Assis, M. de. (2004). Dom Casmurro. In M. de Assis, Obra Completa: Vol. I. Rio de Janeiro, RJ: Nova Aguilar. (Original work published in 1899)        [ Links ]

Barnes, J. A. (1996). Um Monte de Mentiras: Para uma sociologia da mentira. Campinas, SP: Papirus.         [ Links ]

Bell, K. L., & DePaulo, B. M. (1996). Liking and lying. Basic and Applied Social Psychology, 18(3),243-266.         [ Links ]

Briazu, R. A., Walsh, C. R., Deeprose, C., & Ganis, G. (2017). Undoing the past in order to lie in the present: Counterfactual thinking and deceptive communication. Cognition, 161,66-73. doi: 10.1016/j.cognition.2017.01.003        [ Links ]

Brito, A. N. (2010). Falácia naturalista e naturalismo moral: Do é ao deve mediante o quero. Kriterion: Revista de Filosofia, 51(121),215-226. doi: 10.1590/S0100-512X2010000100011        [ Links ]

Bro-Jorgensen, J., & Pangle, W. M. (2010). Male topi antelopes alarm snort deceptively to retain females for mating. The American Naturalist, 176(1),33-39. doi: 10.1086/653078        [ Links ]

Cheung, H., Siu, T. S. C., & Chen, L. (2015). The roles of liar intention, lie content, and theory of mind in children's evaluation of lies. Journal of Experimental Child Psychology, 132,1-13. doi: 10.1016/j.jecp.2014.12.002        [ Links ]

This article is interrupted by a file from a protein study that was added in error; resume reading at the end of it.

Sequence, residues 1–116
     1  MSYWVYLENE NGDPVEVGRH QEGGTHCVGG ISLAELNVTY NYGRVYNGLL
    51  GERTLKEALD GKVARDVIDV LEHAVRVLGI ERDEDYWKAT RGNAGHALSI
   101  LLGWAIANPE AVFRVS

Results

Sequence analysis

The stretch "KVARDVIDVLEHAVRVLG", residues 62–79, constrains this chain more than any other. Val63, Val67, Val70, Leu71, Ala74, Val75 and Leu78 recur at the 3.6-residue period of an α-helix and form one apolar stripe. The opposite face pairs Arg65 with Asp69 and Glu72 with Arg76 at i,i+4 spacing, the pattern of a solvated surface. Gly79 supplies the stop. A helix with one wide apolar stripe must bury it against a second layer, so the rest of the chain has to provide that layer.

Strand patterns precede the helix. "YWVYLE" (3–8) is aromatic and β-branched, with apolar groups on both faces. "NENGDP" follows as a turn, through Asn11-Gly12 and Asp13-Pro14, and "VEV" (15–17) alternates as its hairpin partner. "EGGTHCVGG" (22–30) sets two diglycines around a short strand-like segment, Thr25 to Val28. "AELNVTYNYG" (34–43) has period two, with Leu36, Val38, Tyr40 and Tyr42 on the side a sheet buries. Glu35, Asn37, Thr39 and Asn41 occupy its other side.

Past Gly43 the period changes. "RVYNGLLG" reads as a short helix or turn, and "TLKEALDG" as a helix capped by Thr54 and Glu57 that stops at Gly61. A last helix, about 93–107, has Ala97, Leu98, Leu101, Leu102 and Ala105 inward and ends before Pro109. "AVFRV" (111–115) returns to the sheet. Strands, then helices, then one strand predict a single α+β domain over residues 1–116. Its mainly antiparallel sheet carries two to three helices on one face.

Darwin, C. (1877). A biographical sketch of an infant. Annals of Neurosciences, 17(4),187-190. doi: 10.5214/ans.0972.7531.1017409        [ Links ]

Debey, E., Schryver, M., Logan, G. D., Suchotzki, K., & Verschuere, B. (2015). From junior to senior Pinocchio: A cross-sectional lifespan investigation of deception Evelyne. Acta Psychologica, 160,58-68. doi: 10.1016/j.actpsy.2015.06.007        [ Links ]

De Paulo, B. M., Kashy, D. A., Kirkendol, S. E., Wyer, M. M., & Epstein, J. A. (1996). Lying in everyday life. Journal of Personality and Social Psychology, 70,979-995.         [ Links ]

Dor, D. (2016). From experience to imagination: Language and its evolution as a communication technology. Journal of Neurolinguistics, 43(B),107-119. doi: 10.1016/j.jneuroling.2016.10.003        [ Links ]

Dor, D. (2017). The role of the lie in the evolution of human language. Language Sciences, 1-16. doi: 10.1016/j.langsci.2017.01.001        [ Links ]

Dreber, A., & Johannesson, M. (2008). Gender diferences in deception. Economic Letters, 99(1),197-199. doi: 10.1016/j.econlet.2007.06.027        [ Links ]

Ekman, P. (2009). Telling lies: Clues to deceit in the marketplace, politics, and marriage (Rev. Ed.). New York: WW Norton & Company. (Original work published in 1992)        [ Links ]

Ekman, P., & Friesen, W. V. (1969). Nonverbal leakage and clues to deception. Psychiatry, 32(1),88-106.         [ Links ]

Ekman, P., Hager, J. C., & Friesen, W. V. (1981). The symmetry of emotional and deliberate facial actions. Psychophysiology, 18(2),101-106.         [ Links ]